Fitness Mogul Sumaya Dalmia On Reigning Over The Country's Fitness Scene For Two Decades

Fitness Mogul Sumaya Dalmia On Reigning Over The Country's Fitness Scene For Two Decades

Sumaya Dalmia is an undisputed pioneer of India’s fitness industry. From starting out as a trainer at gyms two decades ago to leading her own fitness empire SUMAYA--her journey has been arduous, but remarkable. And she does it all with a dazzling smile! 

I called her on a busy Tuesday morning. At 11am, while most of us are just beginning our work day, Sumaya had already reached her studio, worked on plans for her clients and completed a training session with instructors. Ask her how she gets it done with such ease and she says, “It is because I am very passionate about what I do. I love my work, I love meeting people, training and sweating with them. I love it all.”

Sumaya Dalmia

Her love for fitness was cultivated at a young age. From being a sporty girl in school to being a national level athlete at Delhi University’s St Stephen’s College, her passion only intensified over the years. But her fitness journey started in the year 1997 when Reebok opened its very first court for fitness training in India. And she has never looked back since. Today, under her brand SUMAYA, she manages six innovative fitness centres in India.

And how does a powerhouse like Sumaya unwind? Unsurprisingly, sweating it out is what gets her going. So if you’ve been wondering about the secret to her glowing skin and her fit body--this is probably it. To call her a trailblazer would be an understatement, and it shouldn’t come as a surprise that she was one of the first names that came to our mind for the #POPxoWomenWhoWin series. Over a telephonic conversion, Sumaya opened up about her fitness journey, and the secret behind that unfaltering positive attitude. Excerpts below:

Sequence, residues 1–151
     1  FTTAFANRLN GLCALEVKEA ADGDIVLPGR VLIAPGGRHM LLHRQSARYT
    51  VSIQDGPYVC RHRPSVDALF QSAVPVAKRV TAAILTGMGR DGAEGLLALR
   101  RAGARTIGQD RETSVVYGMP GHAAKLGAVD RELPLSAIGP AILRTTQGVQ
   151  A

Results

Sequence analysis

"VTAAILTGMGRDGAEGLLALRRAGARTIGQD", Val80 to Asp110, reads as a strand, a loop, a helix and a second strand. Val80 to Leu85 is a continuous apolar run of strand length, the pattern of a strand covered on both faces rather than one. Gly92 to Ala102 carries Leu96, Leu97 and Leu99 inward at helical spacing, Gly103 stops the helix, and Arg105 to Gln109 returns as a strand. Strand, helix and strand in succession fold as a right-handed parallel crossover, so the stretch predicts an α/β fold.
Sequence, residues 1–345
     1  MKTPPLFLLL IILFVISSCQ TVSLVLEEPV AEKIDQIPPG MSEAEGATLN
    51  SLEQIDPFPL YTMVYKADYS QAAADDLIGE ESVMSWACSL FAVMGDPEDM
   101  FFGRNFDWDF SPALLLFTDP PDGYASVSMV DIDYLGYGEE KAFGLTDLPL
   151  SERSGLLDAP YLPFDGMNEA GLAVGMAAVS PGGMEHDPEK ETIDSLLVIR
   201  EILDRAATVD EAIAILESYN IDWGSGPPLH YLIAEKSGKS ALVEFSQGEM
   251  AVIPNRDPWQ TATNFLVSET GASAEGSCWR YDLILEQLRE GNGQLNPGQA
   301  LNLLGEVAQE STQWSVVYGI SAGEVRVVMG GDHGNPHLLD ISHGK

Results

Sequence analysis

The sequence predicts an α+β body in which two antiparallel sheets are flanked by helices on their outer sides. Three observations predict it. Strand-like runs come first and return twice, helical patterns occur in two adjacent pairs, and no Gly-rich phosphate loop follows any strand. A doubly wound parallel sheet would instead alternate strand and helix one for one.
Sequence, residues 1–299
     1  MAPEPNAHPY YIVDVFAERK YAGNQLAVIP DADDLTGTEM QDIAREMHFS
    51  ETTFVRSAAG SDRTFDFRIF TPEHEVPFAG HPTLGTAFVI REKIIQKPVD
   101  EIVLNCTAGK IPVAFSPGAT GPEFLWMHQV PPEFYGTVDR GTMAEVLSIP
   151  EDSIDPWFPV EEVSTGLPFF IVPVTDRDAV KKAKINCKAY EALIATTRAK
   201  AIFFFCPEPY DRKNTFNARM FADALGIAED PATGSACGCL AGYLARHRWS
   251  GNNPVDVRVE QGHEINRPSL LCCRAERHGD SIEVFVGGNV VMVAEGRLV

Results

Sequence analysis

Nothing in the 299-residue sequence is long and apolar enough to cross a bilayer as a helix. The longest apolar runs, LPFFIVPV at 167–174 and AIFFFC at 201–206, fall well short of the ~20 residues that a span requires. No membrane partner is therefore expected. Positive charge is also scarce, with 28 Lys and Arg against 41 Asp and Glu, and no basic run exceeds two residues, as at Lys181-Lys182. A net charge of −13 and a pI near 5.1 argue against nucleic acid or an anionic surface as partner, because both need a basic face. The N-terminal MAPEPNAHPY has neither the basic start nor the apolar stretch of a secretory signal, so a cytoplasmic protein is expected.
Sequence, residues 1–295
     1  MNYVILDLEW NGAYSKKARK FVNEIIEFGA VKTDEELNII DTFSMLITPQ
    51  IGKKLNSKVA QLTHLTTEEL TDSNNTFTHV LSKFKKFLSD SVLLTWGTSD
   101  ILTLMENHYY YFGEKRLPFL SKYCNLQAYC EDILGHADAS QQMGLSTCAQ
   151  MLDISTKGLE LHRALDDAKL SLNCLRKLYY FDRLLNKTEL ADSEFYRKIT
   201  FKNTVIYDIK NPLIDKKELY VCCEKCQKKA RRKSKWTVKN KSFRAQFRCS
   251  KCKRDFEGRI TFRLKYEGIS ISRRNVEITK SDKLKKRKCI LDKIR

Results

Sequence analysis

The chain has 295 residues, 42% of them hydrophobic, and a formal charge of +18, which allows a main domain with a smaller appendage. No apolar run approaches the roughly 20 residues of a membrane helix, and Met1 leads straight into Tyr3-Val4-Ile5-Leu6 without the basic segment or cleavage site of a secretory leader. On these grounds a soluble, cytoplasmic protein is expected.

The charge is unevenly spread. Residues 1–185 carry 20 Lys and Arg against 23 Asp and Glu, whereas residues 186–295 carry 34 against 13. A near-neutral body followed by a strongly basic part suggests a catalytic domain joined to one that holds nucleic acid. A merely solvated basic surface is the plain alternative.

How do you begin your day? What does a typical work day look like for you?

I wake up around 7:30 and go around for a while doing household chores. Around 9, I finish my breakfast and leave for the gym. Then begins the everyday cycle of client assessments, evaluations, and Instagram work. After that I train myself around 4-4:30 and then leave for home. I like maintaining a strong work-life balance and mostly spend my evenings with my kids.

Do you workout a lot?

Okay, so this is something that I learnt very late in life. I used to be someone who’d workout for two hours a day, six days a week in my gym. But in my late thirties I realised that I was putting too much pressure on myself. I used to be like ‘if I don’t have an hour, I am not gonna gym.’ Now even if I get just 20-30 minutes a day, I do whatever I can. Typically, I exercise about 4-5 days in a week for sure. Roughly about 30-40 minutes per day. 

Are there any professional skills or qualities that have helped you stay at the top?

More than a specific skill, I’d say that it was the realisation that you can never stop learning. Fitness is like medicine, it will keep changing. Just because you workout, that doesn’t make you a trainer. You need to know anatomy, physiology, sports sciences and you need to keep studying it. You need to keep up with the changing protocol. 

Also, learning how to train different people has really helped me through the journey. The most common mistake that many people make is that they think that one size fits all when it comes to fitness. It’s so not the case. Everyone’s body is so unique and this realisation is what has set me apart in the last 8-10 years. If I am getting a particular person to commit for three days a week, my session needs to be planned accordingly. And that’s exactly what I do to make sure that they get the results in the committed time.

Sumaya Dalmia

How much has the fitness industry changed in the past two decades?